Council needs to fast-track rail before gridlock
First train ride re-enacted for Queensland Rail's 150th birthday
Nambour a better option: Woombye anti-rail stabling group
South west Queensland pushes for more rail services for cattle
Tilt Trains set for a major overhaul
Ipswich celebrates heritage at Rail Museum on Open Day
Two rail lines earmarked for northern Australia
The $55.8 million dual gauge rail line from Acacia Ridge to Bromelton remains unfinished
Police investigate if fallen powerlines on Gold Coast train line work of vandals
Sourcing critical railway upgrade funding needs cool heads and smart solutions
Bombardier Transportation has announced a $361 million contract from the Queensland Government to deliver modifications to the New Generation Rollingstock (NGR) fleet.
Bombardier will coordinate with industry partner Downer EDI to undertake work to modify the NGR fleet in line with the state’s revised design specifications. The new contract covers design and delivery, as well as ongoing maintenance over the remaining term of the NGR public private partnership.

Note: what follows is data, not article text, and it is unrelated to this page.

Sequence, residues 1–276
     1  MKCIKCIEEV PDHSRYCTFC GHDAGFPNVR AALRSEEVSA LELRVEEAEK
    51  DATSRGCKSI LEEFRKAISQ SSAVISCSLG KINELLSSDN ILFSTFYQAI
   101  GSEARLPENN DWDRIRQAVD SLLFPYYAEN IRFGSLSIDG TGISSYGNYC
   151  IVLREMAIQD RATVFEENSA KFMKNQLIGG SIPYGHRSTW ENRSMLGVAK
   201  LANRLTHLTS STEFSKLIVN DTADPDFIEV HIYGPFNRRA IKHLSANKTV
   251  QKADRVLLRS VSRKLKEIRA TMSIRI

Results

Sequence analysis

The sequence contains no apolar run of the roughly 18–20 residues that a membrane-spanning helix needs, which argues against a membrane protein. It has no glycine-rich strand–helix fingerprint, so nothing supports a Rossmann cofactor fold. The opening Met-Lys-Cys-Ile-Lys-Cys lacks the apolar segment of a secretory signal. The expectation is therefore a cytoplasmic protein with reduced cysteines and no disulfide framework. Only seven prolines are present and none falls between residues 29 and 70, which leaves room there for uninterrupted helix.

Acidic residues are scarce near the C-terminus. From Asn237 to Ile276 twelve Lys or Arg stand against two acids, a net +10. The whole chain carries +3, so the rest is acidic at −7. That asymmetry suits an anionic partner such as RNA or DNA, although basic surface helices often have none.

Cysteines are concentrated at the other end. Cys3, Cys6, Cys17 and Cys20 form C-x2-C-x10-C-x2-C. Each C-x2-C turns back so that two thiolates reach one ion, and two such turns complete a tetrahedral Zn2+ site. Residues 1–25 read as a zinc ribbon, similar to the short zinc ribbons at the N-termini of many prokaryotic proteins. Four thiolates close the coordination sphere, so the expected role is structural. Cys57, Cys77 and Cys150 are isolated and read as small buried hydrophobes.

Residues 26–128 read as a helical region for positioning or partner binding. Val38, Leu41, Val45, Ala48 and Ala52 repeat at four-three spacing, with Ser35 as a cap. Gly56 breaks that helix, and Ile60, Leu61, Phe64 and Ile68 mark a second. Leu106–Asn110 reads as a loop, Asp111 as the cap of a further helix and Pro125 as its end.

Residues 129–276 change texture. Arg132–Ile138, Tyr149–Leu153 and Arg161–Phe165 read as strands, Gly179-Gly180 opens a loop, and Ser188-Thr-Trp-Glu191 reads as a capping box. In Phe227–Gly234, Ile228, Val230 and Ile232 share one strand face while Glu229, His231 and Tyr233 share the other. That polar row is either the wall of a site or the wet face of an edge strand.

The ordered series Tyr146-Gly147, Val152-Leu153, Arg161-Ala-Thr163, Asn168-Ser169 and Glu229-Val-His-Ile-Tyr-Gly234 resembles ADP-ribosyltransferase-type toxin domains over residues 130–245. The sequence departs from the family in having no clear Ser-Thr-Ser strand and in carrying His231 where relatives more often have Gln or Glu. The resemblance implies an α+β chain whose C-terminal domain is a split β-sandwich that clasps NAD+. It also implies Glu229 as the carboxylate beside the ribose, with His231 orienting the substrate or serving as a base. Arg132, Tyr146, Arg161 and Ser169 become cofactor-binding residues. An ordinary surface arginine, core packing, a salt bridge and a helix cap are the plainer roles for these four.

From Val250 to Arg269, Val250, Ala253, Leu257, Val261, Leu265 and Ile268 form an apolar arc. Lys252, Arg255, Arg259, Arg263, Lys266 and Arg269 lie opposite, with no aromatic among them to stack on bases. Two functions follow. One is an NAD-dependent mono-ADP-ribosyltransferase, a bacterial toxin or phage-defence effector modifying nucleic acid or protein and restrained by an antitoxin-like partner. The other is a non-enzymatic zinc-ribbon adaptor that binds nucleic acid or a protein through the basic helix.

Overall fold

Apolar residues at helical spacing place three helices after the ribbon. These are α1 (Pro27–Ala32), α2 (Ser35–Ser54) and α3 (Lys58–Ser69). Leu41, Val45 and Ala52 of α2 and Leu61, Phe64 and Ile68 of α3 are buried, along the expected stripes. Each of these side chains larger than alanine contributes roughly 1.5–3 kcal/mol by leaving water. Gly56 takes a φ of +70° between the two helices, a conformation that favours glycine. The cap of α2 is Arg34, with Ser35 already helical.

A recent inquiry found the $4.4 billion procurement of the NGR fleet was hamstrung by miscommunication and distrust between the state’s delivery agencies, which led to the approval of a design which was later found not to comply with disability standards.
This was despite the inquiry’s confirmation that Bombardier, the rollingstock lead in the delivery consortium, clearly outlining to the state no design could be made which complied to both the project guidelines, and the disability standards.
With the state now set on a set of rectification guidelines, Bombardier’s director for the NGR project Paul Brown said the company was proud to partner with the state to continue the fleet’s delivery.
“This variation order is an important request from our customer, and we will continue to work closely with them to deliver the NGR project in line with the enhanced specifications set out by the Queensland Government,” Brown said.
Bombardier’s new managing director in Australia, Wendy McMillan, said the NGR project was an important one for Queensland.
“With 70 per cent of Queensland’s future population growth targeted in the southeast region, the NGR fleet will bring a significant 26 per cent capacity increase to the South East Queensland rail network to meet the growing demand for rail services.”
This article first appeared on www.railexpress.com.au
About this website
Railpage version 3.10.0.0037
All logos and trademarks in this site are property of their respective owner. The comments are property of their posters, all the rest is © 2003-2020 Interactive Omnimedia Pty Ltd.
You can syndicate our news using one of the RSS feeds.